Original news release was issued by the Washington University School of Medicine, written by Tamara Bhandari
Humans are an extraordinary species. Since the dawn of our existence, we continue to explore the world, trying to understand every single motion, scent, color, behavior. Curiosity is the engine that drives us forward. We are the cartographers, fueled by eagerness, mapping everything that we encounter and giving reason as to why phenomenons happen the way they do. By understanding the world, we strive to understand ourselves.
In this day and age, with the technology and dedication at our disposal, there isn’t that much left of our world to be explored. In the last few decades, humankind began to dig deeper, observing the things at the core of its being. We appear to understand the natural stream of life. But there still remains an area largely uncharted. Just like the stretched-out regions of outer space with vast ocean of stars, there exist billions upon billions of neurons in the Central Processing Unit, our CPU that each and every one of us possesses: The brain.
Even though the brain cartography might look the same, the regions left obscured host still many unexplored areas that need to be understood. The new map, developed by researchers at the Washington University School of Medicine in St. Louis, features the typical brain in painstaking detail.
The authors of this paper used a custom-built MRI machine to map the brains of 1,200 young adults. The new map divides both the left and right cerebral hemispheres into 180 areas based on physical differences.
The software — how the brain works — is intimately correlated with the brain’s structure — its hardware, so to speak. If you want to find out what the brain can do, you have to understand how it is organized and wired.” says Van Essen, the Alumni Endowed Professor of Neuroscience.
The researchers took a closer look at the brain cortex, a layer of neural tissue that encases the rest of the brain like a crumpled sheet of paper. First mapping of the human cortex was conducted in the first decade of the 20th century by a German neuroanatomist, Korbinian Brodmann, who identified 50 regions. This map, however, proved to be outdated in the works of the new study’s lead author, Matthew Glasser, PhD, who began studying the connections between language areas of the brain almost a century later.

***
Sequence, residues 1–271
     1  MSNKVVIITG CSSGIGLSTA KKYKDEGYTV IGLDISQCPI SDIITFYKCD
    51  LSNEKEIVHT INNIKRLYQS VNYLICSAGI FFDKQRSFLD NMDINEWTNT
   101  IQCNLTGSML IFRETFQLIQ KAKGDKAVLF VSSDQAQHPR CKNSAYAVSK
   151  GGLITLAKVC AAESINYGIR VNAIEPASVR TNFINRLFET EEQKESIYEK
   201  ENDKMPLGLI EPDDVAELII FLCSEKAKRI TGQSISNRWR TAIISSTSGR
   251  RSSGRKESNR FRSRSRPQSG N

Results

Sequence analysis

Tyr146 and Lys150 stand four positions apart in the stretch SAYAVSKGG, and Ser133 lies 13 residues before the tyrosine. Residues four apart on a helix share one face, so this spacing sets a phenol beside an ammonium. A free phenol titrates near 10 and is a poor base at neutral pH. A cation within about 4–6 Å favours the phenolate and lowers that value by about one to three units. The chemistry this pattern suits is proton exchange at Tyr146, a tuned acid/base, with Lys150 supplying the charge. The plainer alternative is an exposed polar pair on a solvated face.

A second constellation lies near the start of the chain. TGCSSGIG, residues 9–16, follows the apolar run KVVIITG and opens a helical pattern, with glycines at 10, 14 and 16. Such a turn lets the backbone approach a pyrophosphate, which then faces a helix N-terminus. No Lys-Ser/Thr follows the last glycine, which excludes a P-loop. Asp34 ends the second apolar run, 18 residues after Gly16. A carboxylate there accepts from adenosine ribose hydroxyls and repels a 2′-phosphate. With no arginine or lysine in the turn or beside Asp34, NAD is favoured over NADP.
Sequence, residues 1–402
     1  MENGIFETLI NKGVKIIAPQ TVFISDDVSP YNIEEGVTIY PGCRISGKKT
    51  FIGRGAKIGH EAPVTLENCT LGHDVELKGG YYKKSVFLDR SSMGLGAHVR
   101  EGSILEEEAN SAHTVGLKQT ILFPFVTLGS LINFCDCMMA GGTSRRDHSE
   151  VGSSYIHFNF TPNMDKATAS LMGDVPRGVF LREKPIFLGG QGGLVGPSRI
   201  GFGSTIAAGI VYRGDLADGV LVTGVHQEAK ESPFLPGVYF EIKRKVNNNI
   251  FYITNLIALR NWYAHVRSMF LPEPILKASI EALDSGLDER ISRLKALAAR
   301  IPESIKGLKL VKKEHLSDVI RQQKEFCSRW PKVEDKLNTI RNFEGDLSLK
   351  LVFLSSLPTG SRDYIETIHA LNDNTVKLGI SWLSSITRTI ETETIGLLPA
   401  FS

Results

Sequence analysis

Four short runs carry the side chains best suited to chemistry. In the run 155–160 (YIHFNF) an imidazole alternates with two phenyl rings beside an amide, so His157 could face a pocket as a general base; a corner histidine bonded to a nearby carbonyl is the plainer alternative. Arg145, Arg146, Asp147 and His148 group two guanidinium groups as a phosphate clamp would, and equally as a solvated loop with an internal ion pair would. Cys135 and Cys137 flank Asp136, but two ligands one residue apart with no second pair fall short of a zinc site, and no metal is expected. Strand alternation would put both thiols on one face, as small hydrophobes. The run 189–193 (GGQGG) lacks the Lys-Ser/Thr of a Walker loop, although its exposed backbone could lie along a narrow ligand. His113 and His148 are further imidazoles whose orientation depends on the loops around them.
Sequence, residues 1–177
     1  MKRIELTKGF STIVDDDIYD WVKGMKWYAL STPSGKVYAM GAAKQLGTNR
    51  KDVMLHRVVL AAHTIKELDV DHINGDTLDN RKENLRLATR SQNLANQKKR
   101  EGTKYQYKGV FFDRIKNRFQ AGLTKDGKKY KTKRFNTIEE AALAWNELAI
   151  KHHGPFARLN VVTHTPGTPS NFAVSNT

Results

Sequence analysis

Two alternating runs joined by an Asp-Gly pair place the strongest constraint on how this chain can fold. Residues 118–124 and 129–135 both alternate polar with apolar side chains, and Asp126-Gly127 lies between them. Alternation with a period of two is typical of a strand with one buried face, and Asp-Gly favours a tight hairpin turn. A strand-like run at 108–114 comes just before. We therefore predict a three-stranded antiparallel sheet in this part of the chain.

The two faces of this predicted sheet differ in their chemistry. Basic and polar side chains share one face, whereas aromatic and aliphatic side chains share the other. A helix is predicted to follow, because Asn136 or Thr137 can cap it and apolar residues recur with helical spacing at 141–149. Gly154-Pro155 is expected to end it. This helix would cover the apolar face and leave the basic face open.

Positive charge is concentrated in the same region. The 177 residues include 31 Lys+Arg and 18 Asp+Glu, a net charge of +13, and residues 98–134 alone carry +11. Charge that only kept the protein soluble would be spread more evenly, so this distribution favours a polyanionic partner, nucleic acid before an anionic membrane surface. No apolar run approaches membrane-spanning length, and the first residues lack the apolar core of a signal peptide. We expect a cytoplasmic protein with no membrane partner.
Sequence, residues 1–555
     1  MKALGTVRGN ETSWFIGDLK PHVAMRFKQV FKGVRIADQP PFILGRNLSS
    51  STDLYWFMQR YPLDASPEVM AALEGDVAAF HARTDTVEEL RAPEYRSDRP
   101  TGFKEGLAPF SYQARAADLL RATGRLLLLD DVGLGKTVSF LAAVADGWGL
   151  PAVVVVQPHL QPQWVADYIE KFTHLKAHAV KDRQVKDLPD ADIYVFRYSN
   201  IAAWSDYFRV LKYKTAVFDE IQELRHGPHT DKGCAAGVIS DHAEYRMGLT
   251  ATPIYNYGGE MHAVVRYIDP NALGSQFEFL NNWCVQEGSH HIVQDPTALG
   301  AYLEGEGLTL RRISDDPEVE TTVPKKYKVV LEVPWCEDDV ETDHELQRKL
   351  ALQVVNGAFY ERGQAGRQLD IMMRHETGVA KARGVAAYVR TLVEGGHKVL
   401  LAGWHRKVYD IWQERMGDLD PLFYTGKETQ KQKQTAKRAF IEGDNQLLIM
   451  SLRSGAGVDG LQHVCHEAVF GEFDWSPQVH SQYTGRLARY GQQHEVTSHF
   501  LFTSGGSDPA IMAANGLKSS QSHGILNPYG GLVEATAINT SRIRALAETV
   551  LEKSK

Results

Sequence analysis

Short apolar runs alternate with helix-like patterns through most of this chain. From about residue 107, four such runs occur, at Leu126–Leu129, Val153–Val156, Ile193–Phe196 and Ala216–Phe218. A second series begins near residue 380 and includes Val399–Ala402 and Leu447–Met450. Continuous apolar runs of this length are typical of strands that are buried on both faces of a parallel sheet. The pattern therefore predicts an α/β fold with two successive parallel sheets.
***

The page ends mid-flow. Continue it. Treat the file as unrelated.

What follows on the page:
To create a new map, Glasser, Van Essen, and colleagues pooled data from 210 healthy young adults of both sexes. They ended up with 180 areas in each hemisphere but don’t expect that to be the final number. They found a patch of cortex that probably could be subdivided and believe that researchers in the future will be able to do so.
In the century between Brodmann’s map and Glasser and Van Essen’s, many other maps of the cortex have been drawn, showing anywhere between 50 to 200 different areas. The researchers improved on previous maps by precisely aligning the brains to a common coordinate system before analysis, using an algorithm developed by colleagues at Oxford University, and incorporating the highest-quality MRI data available.
The researchers verified that their method could be applied to individuals by producing maps of the brains, unique to each one of the 210 young adults. “In the past, it was not always clear whether the results from two separate neuroimaging studies referred to the same area or not,” Glasser says.
Better individual maps of the brains could prove to be very useful, spanning treatment for neurological or psychiatric illnesses or personalized treatment for different types of dementia. Understanding the brain and making discoveries what regions shut down, or better yet, light up under certain circumstances, may lead to revolution in treatment for numerous diseases, for which there is still no effective cure.